Feeding people is one of the biggest forms of appreciation and care that we do in our community. It would mean so much to this event with the help of sponsorship to feed the people at this event. There are many other cultural components to the event that will shine through with this type of sponsorship. As the Navajo Nation opens back up after the height of the pandemic this event holds a layer of excitment that comes with bringing people back together. The Navajo Nation is a people of community and this event on landscape and community is coming at such a unique time to work with so many changes to the community over the past few years. 

If your organization is interested in sponsoring this unique event, please contact me at nikkitulley@arizona.edu 

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A very fun, full, and informative Geoawesomeness Munich Meetup – Earth Observation and Geospatial Analytics

Thanks to our Geoawesomeness community in Munich, the Feb 2nd meetup was a smash-hit  again, this time at Werk1. We welcomed more than 60 geospatial enthusiasts from at least 24 different organizations for our first meetup of the year, with activities kicking off at 6:30pm and going all the way until doors closed at 10:00pm. 

We had an action-packed lineup of speakers that evening with the topic Earth Observation and Geospatial Analytics. We started with “A geospatial impact assessment software” from Malin Fischer, MSc., Head of Data Science at VIDA. Her talk focused on her work on a case study highlighting the lack of electrification and where to expand to underserved areas in Africa. Secondly, we heard from Dr. Marta Sapena of DLR, who spoke on “The growing threat: Earth Observation for reducing landslide risk from climate change. The talk highlighted a case study in Medellin, Colombia where devastating landslides are all too common, which sought to better inform the at-risk residents. Just before the break, we heard a shoutout from Oliver Kremer, Head of Strategy at UP42, who joined us from Berlin as a collaborator for the meetup.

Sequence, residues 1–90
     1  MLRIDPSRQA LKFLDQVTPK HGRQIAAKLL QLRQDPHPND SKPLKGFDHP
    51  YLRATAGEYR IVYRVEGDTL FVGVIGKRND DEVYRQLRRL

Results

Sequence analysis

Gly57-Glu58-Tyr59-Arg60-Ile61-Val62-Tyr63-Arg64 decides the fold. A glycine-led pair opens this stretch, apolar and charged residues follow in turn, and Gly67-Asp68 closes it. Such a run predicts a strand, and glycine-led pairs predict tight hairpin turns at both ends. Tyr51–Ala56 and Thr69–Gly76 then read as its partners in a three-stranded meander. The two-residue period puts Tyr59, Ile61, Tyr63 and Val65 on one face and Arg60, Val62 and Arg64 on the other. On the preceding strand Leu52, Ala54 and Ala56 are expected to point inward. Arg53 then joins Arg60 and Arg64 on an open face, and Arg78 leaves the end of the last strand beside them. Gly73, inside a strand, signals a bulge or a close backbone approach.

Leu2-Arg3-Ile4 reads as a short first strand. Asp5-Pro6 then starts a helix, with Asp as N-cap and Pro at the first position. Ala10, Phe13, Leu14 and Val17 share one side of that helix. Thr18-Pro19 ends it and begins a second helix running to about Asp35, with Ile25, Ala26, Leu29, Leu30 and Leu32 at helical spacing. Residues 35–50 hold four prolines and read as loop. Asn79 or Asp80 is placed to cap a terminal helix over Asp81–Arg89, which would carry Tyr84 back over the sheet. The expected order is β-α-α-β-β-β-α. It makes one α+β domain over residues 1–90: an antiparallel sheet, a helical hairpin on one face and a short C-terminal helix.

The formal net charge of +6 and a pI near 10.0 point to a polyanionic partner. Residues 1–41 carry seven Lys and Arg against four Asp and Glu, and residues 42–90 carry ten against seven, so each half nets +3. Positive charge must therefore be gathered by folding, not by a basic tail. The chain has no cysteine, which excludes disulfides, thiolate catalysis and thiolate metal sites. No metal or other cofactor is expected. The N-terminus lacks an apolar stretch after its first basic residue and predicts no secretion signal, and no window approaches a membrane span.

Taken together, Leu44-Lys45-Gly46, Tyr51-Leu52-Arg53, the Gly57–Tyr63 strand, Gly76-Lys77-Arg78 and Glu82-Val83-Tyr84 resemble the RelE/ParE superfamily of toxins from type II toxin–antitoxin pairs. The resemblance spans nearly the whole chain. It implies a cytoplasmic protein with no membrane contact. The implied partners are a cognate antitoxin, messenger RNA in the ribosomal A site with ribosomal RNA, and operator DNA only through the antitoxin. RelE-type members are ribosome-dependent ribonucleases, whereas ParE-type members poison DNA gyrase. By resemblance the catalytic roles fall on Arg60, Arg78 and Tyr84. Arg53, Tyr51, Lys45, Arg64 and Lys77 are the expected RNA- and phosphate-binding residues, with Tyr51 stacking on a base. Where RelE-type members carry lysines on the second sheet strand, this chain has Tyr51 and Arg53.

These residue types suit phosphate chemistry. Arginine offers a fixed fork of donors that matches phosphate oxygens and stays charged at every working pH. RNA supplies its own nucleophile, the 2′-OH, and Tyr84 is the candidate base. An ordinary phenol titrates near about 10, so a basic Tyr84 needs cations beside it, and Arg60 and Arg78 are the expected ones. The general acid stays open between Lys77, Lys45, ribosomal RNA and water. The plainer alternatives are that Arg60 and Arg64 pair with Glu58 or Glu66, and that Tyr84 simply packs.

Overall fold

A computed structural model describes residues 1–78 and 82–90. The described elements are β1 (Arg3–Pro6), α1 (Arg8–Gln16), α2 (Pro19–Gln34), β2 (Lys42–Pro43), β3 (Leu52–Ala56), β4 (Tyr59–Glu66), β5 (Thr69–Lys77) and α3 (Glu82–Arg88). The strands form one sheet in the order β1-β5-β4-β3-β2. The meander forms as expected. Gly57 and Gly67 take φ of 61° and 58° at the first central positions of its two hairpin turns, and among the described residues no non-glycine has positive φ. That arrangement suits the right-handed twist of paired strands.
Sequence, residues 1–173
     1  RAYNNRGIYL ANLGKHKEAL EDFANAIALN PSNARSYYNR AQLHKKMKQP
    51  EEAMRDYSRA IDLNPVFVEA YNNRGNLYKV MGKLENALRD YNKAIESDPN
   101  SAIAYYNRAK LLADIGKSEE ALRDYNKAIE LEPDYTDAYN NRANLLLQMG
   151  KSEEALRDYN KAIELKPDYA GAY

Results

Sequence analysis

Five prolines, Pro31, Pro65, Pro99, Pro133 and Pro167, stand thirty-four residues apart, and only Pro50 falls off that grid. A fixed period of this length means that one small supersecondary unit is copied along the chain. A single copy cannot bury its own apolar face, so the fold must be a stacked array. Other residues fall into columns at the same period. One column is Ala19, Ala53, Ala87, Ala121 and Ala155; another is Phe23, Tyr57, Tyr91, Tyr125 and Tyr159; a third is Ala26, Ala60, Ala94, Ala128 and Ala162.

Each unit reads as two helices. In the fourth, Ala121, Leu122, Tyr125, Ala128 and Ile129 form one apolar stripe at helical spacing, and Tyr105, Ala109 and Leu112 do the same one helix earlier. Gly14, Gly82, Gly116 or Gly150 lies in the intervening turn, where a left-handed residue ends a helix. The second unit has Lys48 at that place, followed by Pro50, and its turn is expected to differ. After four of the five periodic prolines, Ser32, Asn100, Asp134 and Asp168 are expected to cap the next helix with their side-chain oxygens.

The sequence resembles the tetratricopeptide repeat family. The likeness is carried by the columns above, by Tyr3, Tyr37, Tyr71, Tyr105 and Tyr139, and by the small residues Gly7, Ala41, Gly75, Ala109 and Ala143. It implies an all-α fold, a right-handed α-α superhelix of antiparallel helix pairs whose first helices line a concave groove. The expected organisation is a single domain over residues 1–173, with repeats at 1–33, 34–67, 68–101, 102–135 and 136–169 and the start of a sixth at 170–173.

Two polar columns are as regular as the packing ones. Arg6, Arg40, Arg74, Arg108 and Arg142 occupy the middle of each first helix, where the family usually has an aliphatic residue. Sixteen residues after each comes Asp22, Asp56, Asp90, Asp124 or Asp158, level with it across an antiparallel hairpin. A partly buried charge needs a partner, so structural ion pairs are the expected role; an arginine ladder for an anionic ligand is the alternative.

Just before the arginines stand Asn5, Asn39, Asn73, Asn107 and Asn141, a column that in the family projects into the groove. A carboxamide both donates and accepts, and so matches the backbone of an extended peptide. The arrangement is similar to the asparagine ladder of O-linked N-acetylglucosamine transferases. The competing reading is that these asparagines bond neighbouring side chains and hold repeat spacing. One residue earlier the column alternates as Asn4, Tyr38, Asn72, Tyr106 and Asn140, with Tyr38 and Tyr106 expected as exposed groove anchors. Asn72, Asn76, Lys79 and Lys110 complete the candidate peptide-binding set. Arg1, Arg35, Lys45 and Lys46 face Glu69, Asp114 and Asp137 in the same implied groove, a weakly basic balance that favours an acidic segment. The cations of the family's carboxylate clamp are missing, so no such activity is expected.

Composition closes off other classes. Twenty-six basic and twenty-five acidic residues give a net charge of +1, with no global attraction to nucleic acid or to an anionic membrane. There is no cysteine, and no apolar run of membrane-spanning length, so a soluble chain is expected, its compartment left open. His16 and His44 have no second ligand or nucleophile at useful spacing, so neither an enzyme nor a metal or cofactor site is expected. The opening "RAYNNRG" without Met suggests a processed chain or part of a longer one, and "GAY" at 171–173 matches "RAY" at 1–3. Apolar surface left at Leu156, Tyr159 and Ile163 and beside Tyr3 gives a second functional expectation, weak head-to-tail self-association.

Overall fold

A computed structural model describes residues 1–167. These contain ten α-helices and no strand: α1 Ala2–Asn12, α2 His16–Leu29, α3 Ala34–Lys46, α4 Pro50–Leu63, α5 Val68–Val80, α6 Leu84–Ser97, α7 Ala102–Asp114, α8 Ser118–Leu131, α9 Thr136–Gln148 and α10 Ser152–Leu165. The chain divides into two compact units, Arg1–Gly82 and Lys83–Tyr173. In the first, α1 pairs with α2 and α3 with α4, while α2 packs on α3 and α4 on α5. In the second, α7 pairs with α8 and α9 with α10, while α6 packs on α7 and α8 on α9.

After a break for Pizza and beer, we reconvened for GAF AG’s Bishwa Ale Magar, MSc., and Hausala Shakya, MSc., both Geospatial Data Scientists, who shed light on advances in agricultural intelligence via EO data and software developments designed to help both farmers and governments manage resources optimally. Next up, Dr. Flavia Souza Mendes of the Ladies of Landsat, presenting “Diversity, Equity, Justice and Inclusion in the Earth Observation sector: Examples of how the EO community has begun refining itself” with special guests from the Sisters of SAR and Women+ in Geospatial offering insight on an increasingly diverse geospatial industry. Lastly, we heard from Dr. Andreas Eich of Liangdao, who spoke on the more technical but fascinating topic of self-driving vehicles. In an industry where other methods are commonly used, Dr. Eich’s team takes a different approach to autonomous driving with LiDAR and AI-enabled object detection. We finished with a lively panel discussion with questions, where no speaker was spared from the curious and engaged audience. 

Meetups are a great place to learn about exciting projects, share with your peers, network in many circles, find a new job, or just come hang out, relax, and have a beer or two. That wouldn’t be possible without collaboration with our supporters. We thank UP42, who happily supplied the beers and pizza and super swag, as well as Werk1 for the welcoming space. You can check out more information about them at https://up42.com and https://www.werk1.com. Huge thanks to Muthu and Aleks for their constant support! Stay tuned for updates on our next event and join the Munich Geoawesomeness Community.  

Until next time, 

Your Munich Geoawesomeness Team

Abhi, Florian, Karen, Nianhua, Chris, Leo, and Sara